The Master as I Saw Him, is a book famous for its chronicling of intensespiritual experiences from the life of Swami Vivekananda, as noted by his disciple—Sister Nivedita.
The book is written in an easy to read fashion, such that any chapter can be opened and read without losing any continuity. Nevertheless, it has still been assigned an intermediate rating, mainly because the text pre-supposes a familiarity with Swami Vivekananda, India, her religious traditions and historical customs, which new readers having no prior basis may find difficult to understand.
It is important to remember that this book was written over a 100 years ago, and so it presents a view of India of the past - a country tremendously weakened by its deeply entrenched social and religious prejudices such as the caste system, eating of food cooked at the hands of Brahmins only, child-marriage and the low status accorded to women, especially widows.
Authors’s Note — 5
1. Swami Vivekananda in London, 1895 — 11
2. Swami Vivekananda in London, 1896 — 19
3. The Conflict of Ideals — 30
4. Swami Vivekananda and the Order of Ramakrishna — 41
5. Wanderings in Northern India — 58
6. The Awakener of Souls — 65
7. Flashes from the Beacon-fire — 70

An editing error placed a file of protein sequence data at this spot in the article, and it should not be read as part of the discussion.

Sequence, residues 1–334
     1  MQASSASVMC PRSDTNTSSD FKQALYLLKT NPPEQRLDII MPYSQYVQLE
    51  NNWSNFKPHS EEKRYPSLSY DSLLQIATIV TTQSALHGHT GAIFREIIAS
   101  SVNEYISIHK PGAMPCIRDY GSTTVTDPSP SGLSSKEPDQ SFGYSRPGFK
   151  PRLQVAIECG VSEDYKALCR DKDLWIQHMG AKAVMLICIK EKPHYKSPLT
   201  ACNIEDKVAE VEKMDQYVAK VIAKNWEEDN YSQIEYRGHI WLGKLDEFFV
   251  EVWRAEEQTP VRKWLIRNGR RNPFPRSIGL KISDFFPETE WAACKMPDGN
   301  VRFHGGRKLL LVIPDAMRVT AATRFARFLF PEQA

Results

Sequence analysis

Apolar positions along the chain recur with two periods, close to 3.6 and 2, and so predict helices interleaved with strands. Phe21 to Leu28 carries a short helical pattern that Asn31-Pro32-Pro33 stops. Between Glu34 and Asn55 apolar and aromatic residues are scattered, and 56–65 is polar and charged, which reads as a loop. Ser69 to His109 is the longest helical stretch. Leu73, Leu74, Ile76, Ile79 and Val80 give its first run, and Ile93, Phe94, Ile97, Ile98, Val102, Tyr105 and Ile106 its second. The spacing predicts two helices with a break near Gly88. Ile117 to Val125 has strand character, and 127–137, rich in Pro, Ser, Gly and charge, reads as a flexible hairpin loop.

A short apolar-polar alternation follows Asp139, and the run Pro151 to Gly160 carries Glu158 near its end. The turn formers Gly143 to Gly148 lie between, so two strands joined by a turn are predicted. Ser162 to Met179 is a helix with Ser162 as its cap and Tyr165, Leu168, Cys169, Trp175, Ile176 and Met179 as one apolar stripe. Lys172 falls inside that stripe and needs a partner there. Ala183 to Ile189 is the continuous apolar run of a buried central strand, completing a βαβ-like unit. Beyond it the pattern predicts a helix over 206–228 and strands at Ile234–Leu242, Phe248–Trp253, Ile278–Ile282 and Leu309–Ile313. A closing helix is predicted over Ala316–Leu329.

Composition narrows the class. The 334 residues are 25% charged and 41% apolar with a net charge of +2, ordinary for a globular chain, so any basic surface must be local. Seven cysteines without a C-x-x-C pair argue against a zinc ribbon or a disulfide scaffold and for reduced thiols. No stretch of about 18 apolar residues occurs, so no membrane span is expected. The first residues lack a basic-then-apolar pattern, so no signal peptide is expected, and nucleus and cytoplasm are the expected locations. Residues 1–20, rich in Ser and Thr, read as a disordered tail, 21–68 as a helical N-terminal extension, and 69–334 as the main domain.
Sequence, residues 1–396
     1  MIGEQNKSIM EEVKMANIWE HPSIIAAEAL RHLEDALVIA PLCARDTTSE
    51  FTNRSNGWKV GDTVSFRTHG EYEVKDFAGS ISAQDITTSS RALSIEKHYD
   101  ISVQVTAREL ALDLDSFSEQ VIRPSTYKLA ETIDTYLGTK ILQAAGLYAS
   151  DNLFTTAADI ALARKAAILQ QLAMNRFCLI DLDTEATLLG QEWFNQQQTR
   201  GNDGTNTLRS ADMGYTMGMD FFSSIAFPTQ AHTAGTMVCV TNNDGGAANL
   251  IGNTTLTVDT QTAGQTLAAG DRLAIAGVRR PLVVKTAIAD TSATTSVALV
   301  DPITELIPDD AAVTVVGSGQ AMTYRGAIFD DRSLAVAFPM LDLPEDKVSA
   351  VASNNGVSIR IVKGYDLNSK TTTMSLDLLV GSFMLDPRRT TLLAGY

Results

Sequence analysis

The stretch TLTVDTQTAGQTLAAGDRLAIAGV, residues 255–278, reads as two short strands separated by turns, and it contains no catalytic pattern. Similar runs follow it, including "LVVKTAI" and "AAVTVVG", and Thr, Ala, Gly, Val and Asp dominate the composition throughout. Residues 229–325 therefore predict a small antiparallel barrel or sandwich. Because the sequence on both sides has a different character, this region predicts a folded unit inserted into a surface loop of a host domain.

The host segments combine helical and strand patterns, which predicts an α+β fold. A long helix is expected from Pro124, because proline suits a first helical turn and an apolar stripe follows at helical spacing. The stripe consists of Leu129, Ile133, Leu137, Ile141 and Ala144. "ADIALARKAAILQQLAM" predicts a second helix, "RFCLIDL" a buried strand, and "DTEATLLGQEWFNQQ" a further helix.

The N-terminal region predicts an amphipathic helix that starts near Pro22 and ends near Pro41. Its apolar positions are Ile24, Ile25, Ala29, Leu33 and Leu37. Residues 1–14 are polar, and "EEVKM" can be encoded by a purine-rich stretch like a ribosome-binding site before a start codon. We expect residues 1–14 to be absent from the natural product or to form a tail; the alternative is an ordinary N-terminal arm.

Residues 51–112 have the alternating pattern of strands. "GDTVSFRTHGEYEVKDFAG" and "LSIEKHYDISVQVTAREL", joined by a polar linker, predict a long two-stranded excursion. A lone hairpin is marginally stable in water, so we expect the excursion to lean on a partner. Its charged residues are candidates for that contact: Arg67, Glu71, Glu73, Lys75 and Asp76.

8. Amarnath — 76
9. Kshir Bhowani — 80
10. Calcutta and the Holy Women — 87
11. The Swami and Motherworship — 100
12. Half-way Across the World — 107
13. Glimpses of the Saints — 114
14. Past and Future in India — 119
15. On Hinduism — 124
16. Glimpses in the West — 132
17. The Swami’s Mission Considered as a Whole — 138
18. Swami Vivekananda and his Attitude to Buddha — 151
19. The Swami’s Estimate of Historic Christianity — 163
20. Woman and the People — 168
21. His Method of Training a Western Worker — 180
22. Monasticism and Marriage — 191
23. Our Master’s Relation to Psychic Phenomena So- — called — 202
24. The Swami’s Teaching About Death — 210
25. Super-consciousness — 222
26. The Passing of the Swami — 232
27. The End — 238
Sister Nivedita, born Margaret Elizabeth Noble, was a Scots-Irish social worker, author, teacher and disciple of Swami Vivekananda. She met Vivekananda in 1895 in London when she was thirty years old, and this courageous daughter of the West, sailed thousands of miles across to Calcutta, India, (present-day Kolkata) in 1898. She took to monasticism. Swami Vivekananda gave her the name Nivedita (meaning “Dedicated to God”) when he initiated her into the vow of Brahmacharya on March 25, 1898. She was closelyassociated with the newly established Ramakrishna Mission. However because of her active contribution in the field of Indian Nationalism, she had to publicly dissociate herself from the activities of the Mission on the insistence of the then president Swami Brahmananda. She was very close toSarada Devi, the spiritual consort of Sri Ramakrishna and one of the major influences behind Ramakrishna Mission; and also with all brother disciples of Swami Vivekananda. She came to assist Swami Vivekananda in his work of setting up an educational institution for women in India.Nivedita died at dawn on October 13, 1911, when she was just forty-three, in Roy Villa Darjeeling. Her epitaph aptly reads: ‘Here reposes Sister Nivedita who gave her all to India’.